Some physicians believe buprenorphine is a better alternative to the drug methadone for helping treat opioid dependence. However, buprenorphine is more dangerous than methadone, as it is harder to control. Methadone asks patients to report daily to a supervised clinic to receive their medication. Patients are only allowed to take the medication if they have been on a well-established maintenance program for an extended period of time. Conversely, people can take buprenorphine at home like any other prescription drug.

The Substance Abuse and Mental Health Services Administration stated that methadone was first used in 1964. Buprenorphine was approved by the Food and Drug Administration in 2002.

Yet, there is only a minimal amount of the treatment. That is because the drug can only be prescribed by doctors who were given a waiver for completing special training on buprenorphine distribution. Only a small amount of physicians currently have the desired training.

Prevalence of opioid use

Heroin and opioid abuse is a current epidemic nationwide. Statistics from the Substance Abuse and Mental Health Services Administration approximated that more than 1 million Americans used illicit opioids in the past year. The organization estimated that about 2 million people are addicted to or heavily abuse opioids, including heroin and prescription drugs such as oxycodone. Both methadone and buprenorphine are approved by the federal government.

In this study, the group examined the amount of waivered physicians in each county between 2008 and 2011, while considering the population of each county in increments of 100,000. They collected data from the Buprenorphine Waiver Notification System. They found that the number of waivered physicians in a county largely depends on the county’s characteristics, the state’s policies and the push for treatment methods for heroin and opioid addiction.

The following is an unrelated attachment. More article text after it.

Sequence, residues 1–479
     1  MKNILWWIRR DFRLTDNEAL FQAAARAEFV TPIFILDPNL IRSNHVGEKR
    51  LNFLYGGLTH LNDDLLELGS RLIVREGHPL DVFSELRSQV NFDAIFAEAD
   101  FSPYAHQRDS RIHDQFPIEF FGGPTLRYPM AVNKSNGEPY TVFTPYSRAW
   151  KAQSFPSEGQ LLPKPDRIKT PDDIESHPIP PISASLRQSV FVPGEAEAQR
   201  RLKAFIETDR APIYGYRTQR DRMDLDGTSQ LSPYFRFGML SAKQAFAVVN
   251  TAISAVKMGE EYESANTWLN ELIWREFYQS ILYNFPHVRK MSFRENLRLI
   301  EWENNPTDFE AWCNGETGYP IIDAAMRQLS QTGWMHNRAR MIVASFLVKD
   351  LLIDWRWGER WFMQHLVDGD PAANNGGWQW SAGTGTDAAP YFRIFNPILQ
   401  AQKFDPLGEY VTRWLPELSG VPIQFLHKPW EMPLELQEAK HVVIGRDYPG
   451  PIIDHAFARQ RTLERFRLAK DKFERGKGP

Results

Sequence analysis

The data revealed that in 2011, 43 percent of the nation’s counties had no waivered physicians and only 7 percent had 20 waivered physicians or more. The researchers found that counties with greater heroin problems had more waivered physicians. A national survey from SAMHSA found that only 5 percent of doctors were prescribing buprenorphine in 2003, but by 2011, that number shot up to 17 percent.

The study authors also found that counties with increased Medicaid funding for treatment and state guidance also had more specially trained physicians.

“There was a significant positive association between the number of waivered physicians and both specific state guidance on the use on buprenorphine and the distribution of clinical guidelines for buprenorphine treatment,” Stein said. “Policies with more-detailed guidance were associated with regions having more waivered physicians.”